Statistics from Altmetric.com
Research into childhood joint hypermobility is singularly lacking, yet the problem seems to be increasing and poses difficulties for specialists and generalists alike. Hypermobility or ligamentous laxity is thought to be an aetiological factor in several symptom complexes. These include idiopathic nocturnal leg pain, ‘growing pains’, recurrent lower limb arthralgia, anterior knee pain, lower back pain and by definition, the benign joint hypermobility syndrome (BJHS).
Pacey et al's1 timely paper observes clinical heterogeneity in children and young people (CYP) with joint hypermobility syndrome and attempts to subtype the condition on clinical symptoms and signs. They used the Brighton criteria (detailed) to diagnose and recruit 89 CYP, 20% of whom were ‘family or friends’, not seeking professional help, and 8% did not report musculoskeletal pain. Only 66% could be categorised into one of five subtypes. Twenty per cent were classified as ‘joint affected’ with a higher number of painful joints, recurrent joint instability (≥3 subluxations or dislocations) and ‘orthostatic hypotension symptoms’ (dizziness on standing). This group were the most symptomatic with more pain, fatigue and lower health related quality of life (HRQOL). The second largest group (14%) was designated the ‘athletic subtype’ and obtained higher scores for motor proficiency, exercise capacity and physical activity participation, with better HRQOL, less pain and fatigue.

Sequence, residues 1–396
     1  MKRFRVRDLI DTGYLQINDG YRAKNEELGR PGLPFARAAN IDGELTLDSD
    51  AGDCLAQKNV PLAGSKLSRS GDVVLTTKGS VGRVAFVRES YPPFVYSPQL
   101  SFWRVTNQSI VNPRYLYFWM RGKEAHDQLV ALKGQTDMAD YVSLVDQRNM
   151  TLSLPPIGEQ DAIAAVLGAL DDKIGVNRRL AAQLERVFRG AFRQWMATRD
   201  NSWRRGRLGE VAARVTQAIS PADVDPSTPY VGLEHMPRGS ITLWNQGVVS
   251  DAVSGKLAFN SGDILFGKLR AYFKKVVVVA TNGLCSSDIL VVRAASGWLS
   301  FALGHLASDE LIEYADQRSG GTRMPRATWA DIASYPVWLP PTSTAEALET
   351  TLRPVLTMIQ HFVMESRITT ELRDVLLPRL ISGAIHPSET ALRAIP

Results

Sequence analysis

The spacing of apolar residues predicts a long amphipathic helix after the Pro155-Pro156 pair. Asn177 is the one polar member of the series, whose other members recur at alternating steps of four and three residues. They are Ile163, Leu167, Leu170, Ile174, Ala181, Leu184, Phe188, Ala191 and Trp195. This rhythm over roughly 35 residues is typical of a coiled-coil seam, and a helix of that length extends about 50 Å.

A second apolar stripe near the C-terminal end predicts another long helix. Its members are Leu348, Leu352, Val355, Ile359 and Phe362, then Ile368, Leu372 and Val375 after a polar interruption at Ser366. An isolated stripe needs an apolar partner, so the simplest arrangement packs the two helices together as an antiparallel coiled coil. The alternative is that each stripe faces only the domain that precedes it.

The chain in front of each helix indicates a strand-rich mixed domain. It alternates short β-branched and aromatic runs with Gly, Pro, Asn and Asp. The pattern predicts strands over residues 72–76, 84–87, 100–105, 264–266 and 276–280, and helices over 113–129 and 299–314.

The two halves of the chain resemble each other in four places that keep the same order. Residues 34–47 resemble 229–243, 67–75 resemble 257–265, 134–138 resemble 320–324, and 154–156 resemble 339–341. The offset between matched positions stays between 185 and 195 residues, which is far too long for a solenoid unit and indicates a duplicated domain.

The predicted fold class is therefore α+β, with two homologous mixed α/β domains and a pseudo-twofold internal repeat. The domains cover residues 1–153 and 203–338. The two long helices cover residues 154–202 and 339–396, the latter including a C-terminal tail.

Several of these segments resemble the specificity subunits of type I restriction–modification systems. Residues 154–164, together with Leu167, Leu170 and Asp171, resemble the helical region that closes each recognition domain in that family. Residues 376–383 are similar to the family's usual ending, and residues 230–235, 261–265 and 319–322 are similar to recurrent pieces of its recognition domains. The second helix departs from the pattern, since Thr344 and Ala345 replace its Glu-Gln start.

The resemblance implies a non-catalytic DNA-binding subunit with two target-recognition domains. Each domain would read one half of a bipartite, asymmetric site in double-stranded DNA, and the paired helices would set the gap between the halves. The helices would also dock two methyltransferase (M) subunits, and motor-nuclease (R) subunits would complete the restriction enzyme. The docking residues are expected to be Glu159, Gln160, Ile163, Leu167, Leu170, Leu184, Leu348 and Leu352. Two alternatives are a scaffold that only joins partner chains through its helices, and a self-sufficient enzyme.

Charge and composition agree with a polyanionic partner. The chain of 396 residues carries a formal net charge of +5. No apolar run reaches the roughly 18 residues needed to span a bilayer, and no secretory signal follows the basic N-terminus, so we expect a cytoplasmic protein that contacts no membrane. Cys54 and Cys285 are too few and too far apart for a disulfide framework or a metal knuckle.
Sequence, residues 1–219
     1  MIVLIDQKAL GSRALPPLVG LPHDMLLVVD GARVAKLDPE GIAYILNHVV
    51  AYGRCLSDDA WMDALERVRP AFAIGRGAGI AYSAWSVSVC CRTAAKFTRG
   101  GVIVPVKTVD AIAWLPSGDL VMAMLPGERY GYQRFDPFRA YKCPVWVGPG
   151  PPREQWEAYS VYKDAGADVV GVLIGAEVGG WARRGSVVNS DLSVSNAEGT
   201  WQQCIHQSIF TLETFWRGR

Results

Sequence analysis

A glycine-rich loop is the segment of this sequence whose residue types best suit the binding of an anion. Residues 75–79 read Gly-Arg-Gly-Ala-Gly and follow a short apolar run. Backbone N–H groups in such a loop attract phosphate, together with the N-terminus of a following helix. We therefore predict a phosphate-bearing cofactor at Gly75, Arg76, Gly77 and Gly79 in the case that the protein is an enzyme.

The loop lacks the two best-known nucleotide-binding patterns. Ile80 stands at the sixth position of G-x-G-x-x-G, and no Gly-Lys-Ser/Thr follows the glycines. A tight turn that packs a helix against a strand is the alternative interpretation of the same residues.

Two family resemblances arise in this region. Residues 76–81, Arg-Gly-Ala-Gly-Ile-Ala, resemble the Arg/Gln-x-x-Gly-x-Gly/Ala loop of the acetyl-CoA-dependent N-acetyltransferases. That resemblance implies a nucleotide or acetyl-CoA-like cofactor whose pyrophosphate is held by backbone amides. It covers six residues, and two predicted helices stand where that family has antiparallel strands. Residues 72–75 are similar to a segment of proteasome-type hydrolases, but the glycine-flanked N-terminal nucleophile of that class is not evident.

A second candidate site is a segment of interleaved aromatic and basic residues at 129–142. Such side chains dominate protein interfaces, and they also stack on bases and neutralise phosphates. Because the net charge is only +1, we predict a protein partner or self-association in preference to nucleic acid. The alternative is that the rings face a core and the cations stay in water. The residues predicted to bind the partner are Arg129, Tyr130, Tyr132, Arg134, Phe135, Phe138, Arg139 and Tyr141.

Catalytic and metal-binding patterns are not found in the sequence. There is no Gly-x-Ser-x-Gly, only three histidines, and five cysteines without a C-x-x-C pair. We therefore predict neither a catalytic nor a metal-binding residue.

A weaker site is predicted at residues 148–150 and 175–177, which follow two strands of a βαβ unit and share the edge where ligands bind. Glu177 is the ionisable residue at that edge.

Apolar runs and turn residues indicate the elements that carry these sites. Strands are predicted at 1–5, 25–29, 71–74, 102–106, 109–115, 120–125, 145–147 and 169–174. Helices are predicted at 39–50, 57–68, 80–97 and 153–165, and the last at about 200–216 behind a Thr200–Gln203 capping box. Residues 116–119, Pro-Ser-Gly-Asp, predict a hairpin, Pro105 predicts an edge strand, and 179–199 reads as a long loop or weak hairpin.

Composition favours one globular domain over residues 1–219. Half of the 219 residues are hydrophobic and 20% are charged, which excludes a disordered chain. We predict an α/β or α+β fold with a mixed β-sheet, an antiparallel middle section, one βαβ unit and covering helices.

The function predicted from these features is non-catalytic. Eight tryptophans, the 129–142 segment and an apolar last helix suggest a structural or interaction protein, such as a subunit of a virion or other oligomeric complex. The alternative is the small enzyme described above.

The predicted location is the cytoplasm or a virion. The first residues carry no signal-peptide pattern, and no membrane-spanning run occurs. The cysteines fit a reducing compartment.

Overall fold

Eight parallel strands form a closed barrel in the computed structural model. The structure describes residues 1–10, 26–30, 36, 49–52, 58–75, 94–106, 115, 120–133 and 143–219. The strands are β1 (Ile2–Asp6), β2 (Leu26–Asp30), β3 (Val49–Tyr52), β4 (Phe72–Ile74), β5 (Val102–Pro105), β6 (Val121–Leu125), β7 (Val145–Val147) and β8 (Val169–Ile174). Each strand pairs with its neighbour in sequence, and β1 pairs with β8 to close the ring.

Whether CYP remain in one subtype, and whether these subtypes confer any aetiological, clinical, prognostic or management value remains to be seen. As a practising paediatric rheumatologist, I am sceptical. The reader needs some background to inform his or her own opinion.
Recent years have seen an explosion in the diagnosis of BJHS or ‘Ehlers Danlos syndrome-hypermobility type’ (widely recognised as being clinically and genetically indistinguishable) first described in the literature …